§ MR. REDMOND
asked Mr. Attorney General for Ireland, Upon what grounds Mr. John O'Connor, of Cork, who has been imprisoned for nine months under the Coercion Act, was recently removed from Kilmainham to Clonmel Gaol; whether Mr. O'Connor had been previously transferred from Naas to Kilmainham, at the instance of his business employers, so that he might be able more conveniently to pursue his usual occupation; whether he was placed in a large cell by the Governor of Kilmainham, to afford him space and light to keep the books and ledgers appertaining to his business; whether the cell Mr. O'Connor now occupies in Clonmel is only five feet wide, and so dark that he is obliged to light a candle at noon to enable him to write; whether, in conse- 880 quence, he has been obliged to give up his business correspondence; whether Mr. P. J. Murphy, T.C. of Cork, who was arrested shortly after Mr. O'Connor, and on a similar charge, has been released for some months; and, whether, under these circumstances, he will order the release of Mr. O'Connor, or his transfer to Kilmainham, to enable him to carry on his business?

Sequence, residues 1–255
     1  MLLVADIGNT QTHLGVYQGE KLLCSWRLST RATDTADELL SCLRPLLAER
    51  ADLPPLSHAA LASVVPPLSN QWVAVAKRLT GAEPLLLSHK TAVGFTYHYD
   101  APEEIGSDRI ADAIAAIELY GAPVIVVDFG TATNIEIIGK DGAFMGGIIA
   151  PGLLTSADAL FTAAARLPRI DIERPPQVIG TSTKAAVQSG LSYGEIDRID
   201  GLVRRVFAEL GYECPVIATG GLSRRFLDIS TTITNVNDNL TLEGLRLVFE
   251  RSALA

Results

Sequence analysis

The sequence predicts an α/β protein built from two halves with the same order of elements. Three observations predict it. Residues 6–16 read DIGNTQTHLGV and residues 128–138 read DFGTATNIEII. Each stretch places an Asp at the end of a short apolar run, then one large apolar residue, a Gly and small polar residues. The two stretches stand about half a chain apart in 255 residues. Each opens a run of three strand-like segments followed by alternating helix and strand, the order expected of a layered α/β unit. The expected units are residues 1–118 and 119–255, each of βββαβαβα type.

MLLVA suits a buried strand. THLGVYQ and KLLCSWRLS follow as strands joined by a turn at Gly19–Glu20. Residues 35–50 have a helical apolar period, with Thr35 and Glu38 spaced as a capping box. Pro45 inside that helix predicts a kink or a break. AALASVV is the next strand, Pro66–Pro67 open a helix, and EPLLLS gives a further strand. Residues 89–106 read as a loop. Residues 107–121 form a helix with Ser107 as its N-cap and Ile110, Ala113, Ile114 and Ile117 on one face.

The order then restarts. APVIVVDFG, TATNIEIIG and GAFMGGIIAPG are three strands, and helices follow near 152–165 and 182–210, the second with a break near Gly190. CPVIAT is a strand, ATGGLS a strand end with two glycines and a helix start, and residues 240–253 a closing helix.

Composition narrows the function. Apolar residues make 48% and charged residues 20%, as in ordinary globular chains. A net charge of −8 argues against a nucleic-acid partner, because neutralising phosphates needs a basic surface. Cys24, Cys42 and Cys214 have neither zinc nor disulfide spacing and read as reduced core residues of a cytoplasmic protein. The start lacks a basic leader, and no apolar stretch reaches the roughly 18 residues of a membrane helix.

§ THE ATTORNEY GENERAL FOR IRELAND (Mr. W. M. JOHNSON)
Mr. O'Connor was transferred to Clonmel Prison because it was considered necessary and expedient. The hon. Member will excuse me from giving any further reason. Mr. O'Connor had formerly been transferred from Naas to Kilmainham at the instance of his employers; and while in Kilmainham he was placed in the most convenient cell which could be appropriated to his use. I am informed that his cell in Clonmel is 13 feet by 5 feet 1 inch, and that there is sufficient light in it to read by; therefore, I should infer that there is sufficient light also to write by. Mr. Murphy, who was arrested two days before Mr. O'Connor, has been released, I understand, on his parole; and I am informed that Mr. O'Connor's case will be shortly reconsidered.